The Ladies' Vase eBook

This eBook from the Gutenberg Project consists of approximately 88 pages of information about The Ladies' Vase.

Minor cares are indeed the province of woman; minor annoyances her burden.  Dullness, bad temper, mal-adroitness, are to her the cause of a thousand petty rubs, which too often spoil the euphony of a silver voice, and discompose the symmetry of fair features.  But the confidence which reposes on divine affection, and the charity which covers human frailty, are the only specifics for impatience.

And, if religion is such a blessing in the ordinary trials of life, what a soothing balm it is in graver sorrows!  From these, woman is by no means exempt; on the contrary, as her susceptibility is great, afflictions press on her with peculiar heaviness.  There is sometimes a stillness in her grief which argues only its intensity, and it is this rankling wound which piety alone can heal.  Nothing, perhaps, is more affecting than woman’s chastened sorrow.  Her ties may be severed, her fond hopes withered, her young affections blighted, yet peace may be in her breast, and heaven in her eye.  If the business and turmoil of life brush away the tears of manly sorrows, and scarcely leave time even for the indulgence of sympathy, woman gathers strength in her solitary chamber, to encounter and subdue her grief.  There she learns to look her sorrow in the face; there she becomes familiar with its features; there she communes with it, as with a celestial messenger; till at length she can almost welcome its presence, and hail it as the harbinger of a brighter world.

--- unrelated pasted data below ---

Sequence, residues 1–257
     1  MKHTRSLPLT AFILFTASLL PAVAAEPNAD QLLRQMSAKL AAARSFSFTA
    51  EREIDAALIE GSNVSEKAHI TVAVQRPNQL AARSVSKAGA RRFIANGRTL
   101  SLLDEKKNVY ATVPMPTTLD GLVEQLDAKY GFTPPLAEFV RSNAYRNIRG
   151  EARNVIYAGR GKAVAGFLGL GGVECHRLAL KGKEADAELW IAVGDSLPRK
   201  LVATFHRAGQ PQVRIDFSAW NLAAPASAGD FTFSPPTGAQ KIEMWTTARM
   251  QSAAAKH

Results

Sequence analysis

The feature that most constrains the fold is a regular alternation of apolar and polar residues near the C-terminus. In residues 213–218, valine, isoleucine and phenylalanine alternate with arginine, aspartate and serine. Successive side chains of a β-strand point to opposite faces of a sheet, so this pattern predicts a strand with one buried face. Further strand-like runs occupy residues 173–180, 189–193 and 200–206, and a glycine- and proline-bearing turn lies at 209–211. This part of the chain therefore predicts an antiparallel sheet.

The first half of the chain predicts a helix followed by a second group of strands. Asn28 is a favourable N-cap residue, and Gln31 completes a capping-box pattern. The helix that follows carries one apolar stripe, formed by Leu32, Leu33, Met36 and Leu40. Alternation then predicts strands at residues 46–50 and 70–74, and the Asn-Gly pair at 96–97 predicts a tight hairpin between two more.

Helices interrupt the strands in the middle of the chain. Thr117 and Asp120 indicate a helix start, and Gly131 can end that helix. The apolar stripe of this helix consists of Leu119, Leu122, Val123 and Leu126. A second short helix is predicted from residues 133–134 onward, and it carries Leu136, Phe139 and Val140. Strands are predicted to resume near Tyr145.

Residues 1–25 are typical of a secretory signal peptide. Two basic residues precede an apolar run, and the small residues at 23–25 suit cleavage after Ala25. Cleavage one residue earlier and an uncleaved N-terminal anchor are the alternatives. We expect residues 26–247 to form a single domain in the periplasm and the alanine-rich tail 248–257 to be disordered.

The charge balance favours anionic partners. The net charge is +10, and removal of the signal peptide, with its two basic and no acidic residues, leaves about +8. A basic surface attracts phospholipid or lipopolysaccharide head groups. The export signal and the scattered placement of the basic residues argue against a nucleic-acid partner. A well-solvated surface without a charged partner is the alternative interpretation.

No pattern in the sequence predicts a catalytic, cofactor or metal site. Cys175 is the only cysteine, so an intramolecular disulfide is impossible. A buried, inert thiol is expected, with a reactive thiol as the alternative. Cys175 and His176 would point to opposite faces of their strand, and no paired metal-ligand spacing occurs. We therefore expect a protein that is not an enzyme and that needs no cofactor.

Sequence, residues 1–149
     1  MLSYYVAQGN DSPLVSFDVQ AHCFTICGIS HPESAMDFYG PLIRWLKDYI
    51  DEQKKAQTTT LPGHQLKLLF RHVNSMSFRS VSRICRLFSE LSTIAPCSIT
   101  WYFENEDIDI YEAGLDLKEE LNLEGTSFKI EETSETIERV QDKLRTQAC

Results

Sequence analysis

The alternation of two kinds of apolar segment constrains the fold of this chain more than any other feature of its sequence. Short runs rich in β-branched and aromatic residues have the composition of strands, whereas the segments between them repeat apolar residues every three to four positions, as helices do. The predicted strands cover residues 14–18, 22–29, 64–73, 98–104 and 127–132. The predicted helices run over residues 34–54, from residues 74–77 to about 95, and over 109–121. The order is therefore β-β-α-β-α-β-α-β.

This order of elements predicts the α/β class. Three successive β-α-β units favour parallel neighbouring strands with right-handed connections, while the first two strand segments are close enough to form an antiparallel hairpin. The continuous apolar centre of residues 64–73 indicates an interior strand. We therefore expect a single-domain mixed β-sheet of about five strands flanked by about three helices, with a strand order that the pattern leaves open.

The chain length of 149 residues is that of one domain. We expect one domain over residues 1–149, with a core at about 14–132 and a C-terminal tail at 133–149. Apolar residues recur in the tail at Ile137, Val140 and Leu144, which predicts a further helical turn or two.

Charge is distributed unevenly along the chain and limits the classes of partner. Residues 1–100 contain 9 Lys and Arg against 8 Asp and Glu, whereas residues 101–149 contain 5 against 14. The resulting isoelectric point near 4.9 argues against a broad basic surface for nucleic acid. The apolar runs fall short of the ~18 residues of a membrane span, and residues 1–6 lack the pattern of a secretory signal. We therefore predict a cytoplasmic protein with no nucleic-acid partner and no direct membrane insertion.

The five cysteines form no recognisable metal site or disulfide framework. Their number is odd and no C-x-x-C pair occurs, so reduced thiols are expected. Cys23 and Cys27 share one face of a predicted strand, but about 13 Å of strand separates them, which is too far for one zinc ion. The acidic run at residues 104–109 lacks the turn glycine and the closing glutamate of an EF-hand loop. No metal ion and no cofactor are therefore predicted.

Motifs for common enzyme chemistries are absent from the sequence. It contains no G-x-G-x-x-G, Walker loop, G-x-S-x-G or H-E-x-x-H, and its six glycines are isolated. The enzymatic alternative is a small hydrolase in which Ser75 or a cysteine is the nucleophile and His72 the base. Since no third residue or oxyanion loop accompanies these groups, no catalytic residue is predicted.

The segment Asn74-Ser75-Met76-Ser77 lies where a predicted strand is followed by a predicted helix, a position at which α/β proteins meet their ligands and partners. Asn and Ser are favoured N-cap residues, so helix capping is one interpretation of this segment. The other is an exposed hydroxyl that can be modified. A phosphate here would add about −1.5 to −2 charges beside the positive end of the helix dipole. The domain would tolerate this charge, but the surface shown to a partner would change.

Religion is her only elevating principle.  It identifies itself with the movements of her heart and with the actions of her life, spiritualizing the one and ennobling the other.  Duties, however subordinate, are to the religious woman never degrading; their principle is their apology.  She does not live amidst the clouds, or abandon herself to mystic excitement; she is raised above the sordidness, but not above the concerns, of earth; above its disquietudes, but not above its cares.

Religion is just what woman needs.  Without it, she is ever restless and unhappy; ever wishing to be relieved from duty or from time.  She is either ambitious of display, or greedy of pleasure, or sinks into a listless apathy, useless to others and unworthy of herself.  But when the light from heaven shines upon her path, it invests every object with a reflected radiance.  Duties, occupations, nay, even trials, are seen through a bright medium; and the sunshine which gilds her course on earth, is but the dawning of a far clearer day.

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Transcriber’s Note: 

The following words were inconsistently hyphenated: 

house-wife / housewife
time-piece / timepiece

Other errors: 

Original
Page
11 Missing period after ‘other’
....each other “Familiarity,” says....
72 Missing period after ‘it’
....could not help it She sang to Nurse....
124 extra ‘n’ in the name Fanny
....cannot be said that Fannny’s health....

Copyrights
Project Gutenberg
The Ladies' Vase from Project Gutenberg. Public domain.
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